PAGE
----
Segwit (short for Segregated Witness) - is a protocol upgrade that changes the way data is stored. It was activated on Litecoin on May 10, 2017, and on Bitcoin on 23 August, 2017.

Many hailed it as a long-awaited solution to bitcoin’s scaling problem. The maximum block size in the main protocol is 1MB, which restricts the number of transactions bitcoin can process to approximately 7 per second. This was going to limit bitcoin’s potential growth, and prevent it from becoming a usable high-volume payment system.

While the upgrade does enable a greater number of transactions in bitcoin’s blocks, SegWit’s initial intention was to fix a bug in the bitcoin code called transaction malleability. This flaw allowed anyone to change small details that modified the transaction id (and the subsequent hash) but not the content. While not a critical problem for bitcoin, it prevented the development of more complex features such as second-layer protocols and smart contracts.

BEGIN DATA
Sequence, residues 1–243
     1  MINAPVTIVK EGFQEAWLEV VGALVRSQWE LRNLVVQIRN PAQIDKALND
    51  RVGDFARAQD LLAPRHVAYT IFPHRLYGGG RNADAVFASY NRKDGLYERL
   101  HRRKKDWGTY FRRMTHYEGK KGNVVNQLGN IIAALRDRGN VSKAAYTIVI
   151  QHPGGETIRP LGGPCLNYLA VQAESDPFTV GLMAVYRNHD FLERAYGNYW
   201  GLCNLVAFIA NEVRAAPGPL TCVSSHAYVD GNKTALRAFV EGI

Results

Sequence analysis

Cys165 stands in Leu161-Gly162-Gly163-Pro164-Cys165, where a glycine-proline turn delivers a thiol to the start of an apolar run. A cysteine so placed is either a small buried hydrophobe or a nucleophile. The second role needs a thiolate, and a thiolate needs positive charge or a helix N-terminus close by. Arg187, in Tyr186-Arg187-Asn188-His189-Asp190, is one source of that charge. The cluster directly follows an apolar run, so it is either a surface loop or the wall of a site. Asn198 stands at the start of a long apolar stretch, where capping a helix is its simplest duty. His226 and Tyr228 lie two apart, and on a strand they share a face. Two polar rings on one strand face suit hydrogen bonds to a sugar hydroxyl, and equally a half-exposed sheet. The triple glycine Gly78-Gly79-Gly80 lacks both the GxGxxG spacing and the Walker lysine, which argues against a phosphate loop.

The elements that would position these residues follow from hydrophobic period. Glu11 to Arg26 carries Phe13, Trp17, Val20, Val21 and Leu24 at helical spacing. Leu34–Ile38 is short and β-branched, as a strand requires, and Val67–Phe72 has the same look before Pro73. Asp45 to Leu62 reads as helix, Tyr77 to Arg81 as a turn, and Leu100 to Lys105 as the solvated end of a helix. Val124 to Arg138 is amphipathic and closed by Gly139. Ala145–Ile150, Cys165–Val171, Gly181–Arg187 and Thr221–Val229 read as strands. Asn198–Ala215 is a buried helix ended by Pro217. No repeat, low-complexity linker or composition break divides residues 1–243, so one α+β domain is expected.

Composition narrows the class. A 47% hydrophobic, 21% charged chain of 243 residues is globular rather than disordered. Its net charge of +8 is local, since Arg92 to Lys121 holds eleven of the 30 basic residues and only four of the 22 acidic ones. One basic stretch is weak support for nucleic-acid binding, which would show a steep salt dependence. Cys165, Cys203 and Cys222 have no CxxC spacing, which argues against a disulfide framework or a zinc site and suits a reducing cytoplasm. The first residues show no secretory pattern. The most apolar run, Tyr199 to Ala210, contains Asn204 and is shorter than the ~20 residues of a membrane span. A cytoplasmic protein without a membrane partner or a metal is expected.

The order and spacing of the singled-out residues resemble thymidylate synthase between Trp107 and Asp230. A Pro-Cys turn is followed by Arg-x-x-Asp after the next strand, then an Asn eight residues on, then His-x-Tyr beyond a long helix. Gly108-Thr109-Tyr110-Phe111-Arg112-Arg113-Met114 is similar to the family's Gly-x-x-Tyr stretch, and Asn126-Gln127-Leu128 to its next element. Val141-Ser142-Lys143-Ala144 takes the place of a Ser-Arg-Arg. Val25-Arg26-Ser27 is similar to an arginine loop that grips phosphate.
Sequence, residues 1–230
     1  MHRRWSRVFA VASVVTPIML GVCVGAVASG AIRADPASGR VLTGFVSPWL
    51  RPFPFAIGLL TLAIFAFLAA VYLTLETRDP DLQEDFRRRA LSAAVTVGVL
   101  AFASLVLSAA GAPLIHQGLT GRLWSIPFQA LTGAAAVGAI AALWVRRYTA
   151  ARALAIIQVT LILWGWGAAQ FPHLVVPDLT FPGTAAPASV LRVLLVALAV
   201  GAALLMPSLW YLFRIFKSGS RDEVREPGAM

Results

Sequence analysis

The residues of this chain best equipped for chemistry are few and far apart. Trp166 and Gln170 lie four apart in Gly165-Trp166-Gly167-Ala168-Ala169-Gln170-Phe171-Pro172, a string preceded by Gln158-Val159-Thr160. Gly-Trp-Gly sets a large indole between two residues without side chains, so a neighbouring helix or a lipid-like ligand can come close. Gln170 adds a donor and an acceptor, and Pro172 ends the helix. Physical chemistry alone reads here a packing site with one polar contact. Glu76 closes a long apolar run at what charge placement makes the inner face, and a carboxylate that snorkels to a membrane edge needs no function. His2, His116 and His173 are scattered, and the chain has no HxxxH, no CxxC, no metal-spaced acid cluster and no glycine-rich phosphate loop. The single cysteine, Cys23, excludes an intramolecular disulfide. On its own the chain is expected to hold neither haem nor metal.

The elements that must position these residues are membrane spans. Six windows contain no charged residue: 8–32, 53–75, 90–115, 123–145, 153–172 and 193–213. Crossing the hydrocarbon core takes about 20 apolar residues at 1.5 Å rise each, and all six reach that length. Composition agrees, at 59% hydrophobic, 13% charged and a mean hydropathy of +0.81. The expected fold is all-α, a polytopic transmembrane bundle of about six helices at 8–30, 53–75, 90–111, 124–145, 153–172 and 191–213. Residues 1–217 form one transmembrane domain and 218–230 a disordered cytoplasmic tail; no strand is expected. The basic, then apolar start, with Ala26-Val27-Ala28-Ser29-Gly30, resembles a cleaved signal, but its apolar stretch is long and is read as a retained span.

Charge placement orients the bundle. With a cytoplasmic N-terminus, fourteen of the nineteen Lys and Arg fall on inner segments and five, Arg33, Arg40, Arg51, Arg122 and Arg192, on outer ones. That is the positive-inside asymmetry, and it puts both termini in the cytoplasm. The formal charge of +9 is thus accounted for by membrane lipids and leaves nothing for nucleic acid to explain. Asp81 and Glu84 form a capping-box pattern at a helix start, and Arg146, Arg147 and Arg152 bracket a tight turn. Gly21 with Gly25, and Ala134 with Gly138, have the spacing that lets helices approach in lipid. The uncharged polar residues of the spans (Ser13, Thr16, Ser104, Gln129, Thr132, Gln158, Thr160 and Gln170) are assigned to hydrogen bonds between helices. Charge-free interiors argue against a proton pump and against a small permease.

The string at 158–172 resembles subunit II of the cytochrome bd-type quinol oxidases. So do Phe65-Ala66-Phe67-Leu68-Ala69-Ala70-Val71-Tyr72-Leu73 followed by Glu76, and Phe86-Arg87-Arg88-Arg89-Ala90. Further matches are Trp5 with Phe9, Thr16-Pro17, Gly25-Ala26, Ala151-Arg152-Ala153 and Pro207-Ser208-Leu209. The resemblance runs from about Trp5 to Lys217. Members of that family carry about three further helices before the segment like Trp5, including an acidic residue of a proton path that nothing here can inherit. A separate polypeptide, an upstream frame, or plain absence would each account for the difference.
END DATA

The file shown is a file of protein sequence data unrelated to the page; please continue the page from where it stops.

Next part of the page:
SegWit fixed transaction malleability by removing the signature information (otherwise known as the “witness” information) and storing it outside the base transaction block. With that, signatures and scripts can be changed without affecting the transaction id.